Skipton's home record is shattered
An abysmal team performance saw Skipton sink to their first home defeat of the season. On paper the side looked strong and should have swept aside a dour Aireborough team that is languishing in the lower half of the league.
by Mick Smith
The visitors had little to offer outside their cumbersome but well-drilled pack.
The Reds’ forwards had the edge at the line-outs thanks in no small part to the excellent lift afforded to Jordan Wilson and his ability to take clean ball.
The scrums were more evenly matched with makeshift hooker Charlie Brown struggling to secure a quick strike.
This frequently put No 8 Sam Harrison under pressure and denied him or scrum-half Shaun Barra- clough any good ball. The backs, littered with talent, were, inexplicably, were incapable of stringing a pass let alone a move together all game, with the stand-off and centres failing to gel at all. The only saving grace being their combined defensive abilities.
The one-handed carries of centre partners Luke Stockton and Lee Shaw were exploited by the visitors’ defence who, adept at targeting the loose carry, dislodged the ball with regularity, and left little chance of fluent ball movement along the line.
As a consequence George Smith- son – on his welcome return after injury – and James Ackers on the wings were mere bystanders for much of the first half as the home side failed to make good use of any possession they had. Wrong options seemed the order of the day with any game plan that might have been penned in advance being cast firmly out of the window.
An all too familiar trait seen in several games earlier this season also began to emerge.
The Skipton team’s frustration with its own inabilities saw it begin to leak rucking penalties at an alarming rate.
These allowed the visitors to progress downfield toward the home line without much effort on their part. This self-inflicted pressure resulted in an easy try and conversion to give the visitors a 7-0 lead. The penalty warnings were clear but went unheeded by the Reds, conceding yet another ruck penalty in an eminently kickable position.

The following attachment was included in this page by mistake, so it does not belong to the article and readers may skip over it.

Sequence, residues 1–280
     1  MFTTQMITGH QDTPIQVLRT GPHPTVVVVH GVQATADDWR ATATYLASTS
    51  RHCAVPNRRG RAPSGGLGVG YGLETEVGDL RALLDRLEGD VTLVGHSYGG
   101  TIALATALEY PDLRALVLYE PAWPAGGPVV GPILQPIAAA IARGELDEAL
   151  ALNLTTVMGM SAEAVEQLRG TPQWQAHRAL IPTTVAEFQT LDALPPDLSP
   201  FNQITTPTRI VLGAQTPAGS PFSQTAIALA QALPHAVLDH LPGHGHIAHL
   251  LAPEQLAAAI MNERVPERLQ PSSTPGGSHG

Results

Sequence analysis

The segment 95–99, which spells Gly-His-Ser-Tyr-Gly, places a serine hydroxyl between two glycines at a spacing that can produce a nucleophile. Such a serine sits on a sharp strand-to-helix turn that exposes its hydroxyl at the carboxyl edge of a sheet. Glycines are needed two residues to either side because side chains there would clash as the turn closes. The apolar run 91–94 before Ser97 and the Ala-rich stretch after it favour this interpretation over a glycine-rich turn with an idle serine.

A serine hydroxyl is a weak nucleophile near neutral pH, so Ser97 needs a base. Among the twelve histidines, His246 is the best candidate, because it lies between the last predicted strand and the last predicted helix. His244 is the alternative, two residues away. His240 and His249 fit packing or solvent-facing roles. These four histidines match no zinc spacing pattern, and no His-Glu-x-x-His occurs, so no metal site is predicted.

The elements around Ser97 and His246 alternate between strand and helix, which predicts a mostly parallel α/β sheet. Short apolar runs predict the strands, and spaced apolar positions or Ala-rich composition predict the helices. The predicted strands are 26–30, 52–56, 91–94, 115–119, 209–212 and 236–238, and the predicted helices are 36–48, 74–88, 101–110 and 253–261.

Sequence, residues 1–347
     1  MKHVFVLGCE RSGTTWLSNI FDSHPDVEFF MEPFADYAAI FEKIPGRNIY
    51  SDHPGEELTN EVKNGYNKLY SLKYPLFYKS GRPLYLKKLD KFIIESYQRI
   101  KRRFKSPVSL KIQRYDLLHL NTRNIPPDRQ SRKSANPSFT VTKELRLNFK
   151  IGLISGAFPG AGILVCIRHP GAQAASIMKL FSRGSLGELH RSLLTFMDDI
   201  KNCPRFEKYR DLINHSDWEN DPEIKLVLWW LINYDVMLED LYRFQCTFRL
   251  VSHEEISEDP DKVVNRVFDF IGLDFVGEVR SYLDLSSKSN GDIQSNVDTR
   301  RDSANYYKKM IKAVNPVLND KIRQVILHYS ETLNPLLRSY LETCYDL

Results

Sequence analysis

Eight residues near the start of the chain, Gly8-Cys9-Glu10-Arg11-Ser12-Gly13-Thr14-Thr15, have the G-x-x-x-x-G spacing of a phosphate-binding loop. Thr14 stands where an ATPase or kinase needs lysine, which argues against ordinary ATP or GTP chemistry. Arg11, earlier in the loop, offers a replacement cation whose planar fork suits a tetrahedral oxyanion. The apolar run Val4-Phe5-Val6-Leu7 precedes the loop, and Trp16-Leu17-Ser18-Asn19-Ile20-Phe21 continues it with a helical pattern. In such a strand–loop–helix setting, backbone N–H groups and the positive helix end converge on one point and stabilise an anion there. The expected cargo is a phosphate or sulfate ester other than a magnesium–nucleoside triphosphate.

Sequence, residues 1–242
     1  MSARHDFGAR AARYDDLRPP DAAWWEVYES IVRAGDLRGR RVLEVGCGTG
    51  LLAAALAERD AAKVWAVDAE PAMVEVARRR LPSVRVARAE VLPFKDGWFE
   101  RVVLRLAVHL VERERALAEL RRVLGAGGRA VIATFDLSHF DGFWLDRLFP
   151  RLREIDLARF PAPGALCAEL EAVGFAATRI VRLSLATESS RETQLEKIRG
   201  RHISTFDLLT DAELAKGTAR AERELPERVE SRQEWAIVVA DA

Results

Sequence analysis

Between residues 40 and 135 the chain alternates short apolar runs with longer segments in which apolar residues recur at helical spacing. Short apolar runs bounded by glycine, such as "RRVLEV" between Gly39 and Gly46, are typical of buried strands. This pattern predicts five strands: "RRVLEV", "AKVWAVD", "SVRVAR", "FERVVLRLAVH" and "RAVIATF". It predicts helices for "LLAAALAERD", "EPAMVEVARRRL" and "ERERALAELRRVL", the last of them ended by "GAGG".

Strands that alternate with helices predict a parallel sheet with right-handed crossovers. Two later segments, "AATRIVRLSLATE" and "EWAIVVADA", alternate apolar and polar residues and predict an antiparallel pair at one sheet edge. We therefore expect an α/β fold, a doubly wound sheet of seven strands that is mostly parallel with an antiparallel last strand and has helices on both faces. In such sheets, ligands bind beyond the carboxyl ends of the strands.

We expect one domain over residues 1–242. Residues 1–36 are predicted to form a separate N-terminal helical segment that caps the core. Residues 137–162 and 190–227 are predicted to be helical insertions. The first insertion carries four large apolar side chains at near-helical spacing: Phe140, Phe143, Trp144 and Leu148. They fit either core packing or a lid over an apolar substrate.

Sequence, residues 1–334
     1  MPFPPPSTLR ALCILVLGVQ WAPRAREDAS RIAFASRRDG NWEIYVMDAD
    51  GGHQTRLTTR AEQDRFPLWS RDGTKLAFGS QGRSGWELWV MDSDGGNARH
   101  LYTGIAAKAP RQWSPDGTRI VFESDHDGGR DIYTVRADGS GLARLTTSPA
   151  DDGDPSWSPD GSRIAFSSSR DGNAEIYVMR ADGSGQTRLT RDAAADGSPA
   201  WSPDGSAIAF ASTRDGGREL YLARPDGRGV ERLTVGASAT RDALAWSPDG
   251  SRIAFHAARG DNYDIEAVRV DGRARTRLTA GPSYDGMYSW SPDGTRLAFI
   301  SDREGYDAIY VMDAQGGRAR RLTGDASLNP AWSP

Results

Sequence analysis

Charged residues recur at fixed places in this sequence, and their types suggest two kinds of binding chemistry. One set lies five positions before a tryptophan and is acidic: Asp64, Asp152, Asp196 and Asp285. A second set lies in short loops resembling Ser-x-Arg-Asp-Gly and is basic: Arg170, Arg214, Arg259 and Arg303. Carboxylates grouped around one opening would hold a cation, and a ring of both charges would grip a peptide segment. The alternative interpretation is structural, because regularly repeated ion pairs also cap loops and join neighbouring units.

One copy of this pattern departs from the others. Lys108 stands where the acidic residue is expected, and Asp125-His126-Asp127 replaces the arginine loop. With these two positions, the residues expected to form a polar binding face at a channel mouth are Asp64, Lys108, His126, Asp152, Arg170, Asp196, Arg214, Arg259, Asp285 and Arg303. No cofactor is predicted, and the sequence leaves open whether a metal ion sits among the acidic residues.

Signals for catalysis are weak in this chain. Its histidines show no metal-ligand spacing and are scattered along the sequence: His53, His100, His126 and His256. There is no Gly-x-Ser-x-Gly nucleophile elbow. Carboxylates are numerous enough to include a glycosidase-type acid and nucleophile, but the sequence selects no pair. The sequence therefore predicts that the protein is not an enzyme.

Aireborough’s kicker duly dispatched the ball between the two uprights.
Somehow kick-started into a reaction, Skipton began to put more telling pressure on the visitors, who were willing to concede penalties rather than territory, a practice they continued all game.
One suspects this could be a pre-ordained game plan to slow play down with “injury” breaks at almost every stoppage, thus giving their defence time to set while at the same time disrupting any flow Skipton might try to generate.
The conceding of penalties by Aireborough did allow Jeremy Hargreaves to reduce the arrears to four points at the half-time break with one long-range effort and a slightly easier second as the difficult crosswind began to strengthen late in the half. A further 40-metre effort fell agonisingly just under the bar shortly before the break.
Lee Shaw had to leave the field with a knee injury late in the first half and was replaced by James Tomlinson. He took over the wing berth as Smithson moved to centre. A tactical change at half-time saw Alex Baldwin replace Barraclough at scrum half, the latter re-taking the field late in the game for tiring flanker Jordan Wilson.
In the second half the visitors exploited their delaying tactics to the full, including a lengthy shoe tying exhibition by their prop, incurring the jeers of the home crowd but failing to draw any reaction from the referee, except to add time. By the end of the half these delays had extended the match fully ten minutes.
The staccato nature of the half did little for Skiptons’ cause, as they continued to struggle to develop any continuity in their play. The frustration prompted a number of wrong decisions. On numerous occasions penalty attempts at goal were ignored in favour of taps or kicks for line-out position.
Skipton must realise that the worst case scenario from any such attempt would be either a 22 restart, or a kick for touch, with the attacking side most likely to regain possession. Should the opposition choose to run from their own dead-ball area, a highly-risky strategy, the Reds would then be defending inside the opposition 22.
One such penalty kick for touch, taken into a howling gale, saw the ball fail to reach safety, the Aireborough stand-off graciously accepted this let-off and applied boot to ball for a wind assisted 60-metre clearance.
The visitors regained possession after a scrappy line-out and a mix up in the Reds’ defence, resulted in a missed tackle, and a soft try under the posts. With the conversion added Aireborough had an almost unassailable lead, as the weather deteriorated further, making it well-nigh impossible to play any meaningful rugby.
The home side, now driven purely by desperation, worked hard to try and salvage something from the game and were eventually rewarded when Ackers crossed the line wide out for what was to be a consolation try, earning a useful losing bonus point in the process. Hargreaves’ conversion attempt drifted wide in the now gale force wind.
Many painful lessons need to be learned, and quickly. The team undoubtedly has the talent and rugby ability to beat any side in this league but it needs to seriously address the need for game plans and the ability and doggedness to stick to them.
Points also need to be racked up from opposition penalties. Anything within 50m should be considered fair game for Skipton’s goal kicker.
The Reds’ own penalty count also needs a drastic reduction as, without doubt, there will be a quality goal-kicker out there lurking in an opponent’s shirt all too ready to punish. All players, but predominantly the ball-carrying playmakers, must also quickly perfect the art of the two handed carry and off-load, without which the attacking potential of the side will never be realised.